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Alexandra Pelosi on Why ‘San Francisco 2.0’ Will Set New Economy Rules

Stashed in: Airbnb, San Francisco!, economics, Uber, San Francisco, HBO, Documentaries, Bay Area Housing

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I didn't listen to it all, but her main point is that the richer people are pushing everyone out, and that's symbolic of what's going to happen all over America.

Alexandra Pelosi’s latest documentary, “San Francisco 2.0,” examines rapid gentrification in the city as tech companies and their employees have revitalized urban areas yet have driven out longtime residents.

Her project, debuting on Monday on HBO, sets up a vexing problem for the city’s leaders, who are reaping the benefits from an economic boom yet struggle to come up with solutions to displaced residents and homelessness. It’s a problem common to many cities, including Los Angeles, but perhaps most pronounced for San Francisco as it is at the center of the tech economy.

“Everybody is having a really good time in San Francisco right now if you are in the tech, media, new media world,” Pelosi tells Variety‘s “PopPolitics” on SiriusXM’s POTUS Channel. “You’re not having such a good time if you have lived there for generations and your family is being pushed out. Those are the people who are getting hurt.”

The only way that some residents can afford to live there is by renting out their homes via Airbnb or by moonlighting as a driver for Uber. That has triggered a debate on whether such services should be regulated and, if so, what the rules should be. The city is at the center of the debate over the “sharing” economy and whether it helps or worsens income inequality.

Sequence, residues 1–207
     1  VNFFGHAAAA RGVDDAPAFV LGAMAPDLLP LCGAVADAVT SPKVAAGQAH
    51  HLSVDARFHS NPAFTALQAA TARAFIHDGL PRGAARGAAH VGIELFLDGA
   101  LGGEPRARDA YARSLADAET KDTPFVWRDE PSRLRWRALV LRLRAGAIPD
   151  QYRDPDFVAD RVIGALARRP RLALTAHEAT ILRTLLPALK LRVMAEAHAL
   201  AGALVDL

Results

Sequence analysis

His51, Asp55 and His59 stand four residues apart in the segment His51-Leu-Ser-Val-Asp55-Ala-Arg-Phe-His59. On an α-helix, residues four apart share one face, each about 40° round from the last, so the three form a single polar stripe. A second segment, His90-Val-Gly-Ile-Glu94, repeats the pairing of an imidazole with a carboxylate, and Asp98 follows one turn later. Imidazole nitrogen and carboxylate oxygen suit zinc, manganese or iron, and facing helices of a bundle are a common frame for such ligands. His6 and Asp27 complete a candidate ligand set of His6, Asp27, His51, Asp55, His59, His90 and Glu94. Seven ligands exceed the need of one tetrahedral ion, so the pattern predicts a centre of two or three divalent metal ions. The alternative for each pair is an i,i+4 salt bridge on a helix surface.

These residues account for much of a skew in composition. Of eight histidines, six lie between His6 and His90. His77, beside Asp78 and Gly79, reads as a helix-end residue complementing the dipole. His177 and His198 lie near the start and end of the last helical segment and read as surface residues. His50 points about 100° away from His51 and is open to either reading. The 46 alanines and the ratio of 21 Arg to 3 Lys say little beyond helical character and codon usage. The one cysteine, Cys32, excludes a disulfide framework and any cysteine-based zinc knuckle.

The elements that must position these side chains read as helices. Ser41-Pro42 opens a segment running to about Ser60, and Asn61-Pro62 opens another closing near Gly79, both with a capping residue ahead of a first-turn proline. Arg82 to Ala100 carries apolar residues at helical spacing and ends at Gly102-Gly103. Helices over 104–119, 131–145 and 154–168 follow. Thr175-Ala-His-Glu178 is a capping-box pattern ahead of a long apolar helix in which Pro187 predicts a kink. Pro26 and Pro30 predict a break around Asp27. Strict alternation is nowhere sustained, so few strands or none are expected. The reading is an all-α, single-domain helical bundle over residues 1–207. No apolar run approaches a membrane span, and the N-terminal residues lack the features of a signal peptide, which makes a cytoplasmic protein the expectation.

“Ground zero right now for the conversation about the new American economy is going on in San Francisco,” she says. “Airbnb is going on the ballot, should people be allowed to rent out their rooms and for how many days. We need rules for democracy to work, and that is what they are doing in San Francisco right now is they are writing the rules, so the rest of the country is sort of looking.”

Just watched this, very well done.  A lot of the blame is placed on Mayor Lee for giving tech companies tax breaks for being in SF.

"Lee was eventually tapped by then Mayor Art Agnos in 1989 to head up the first whistle-blowing division and then rose through the government ranks. When Gavin Newsom became lieutenant governor in 2010, he chose Lee to step in as mayor.

Lee was not a techie. He took office admitting he was "not a Twitter guy" and admitted to not knowing much about the service, or Facebook for that matter.

A week later, homegrown-tech-startup Twitter was threatening to leave San Francisco, a move that could have sparked others like Zynga to follow suit. To keep the company in the city, Lee worked on what infamously became known as the Twitter tax break on new hires for companies if they moved into the Mid-Market area of the city. More tax breaks on stock-option compensation soon followed, along with Lee's "tech-friendly mayor" moniker."

The documentary did say this is going on in all major cities of the world, and that we the people, have to decide what is acceptable.

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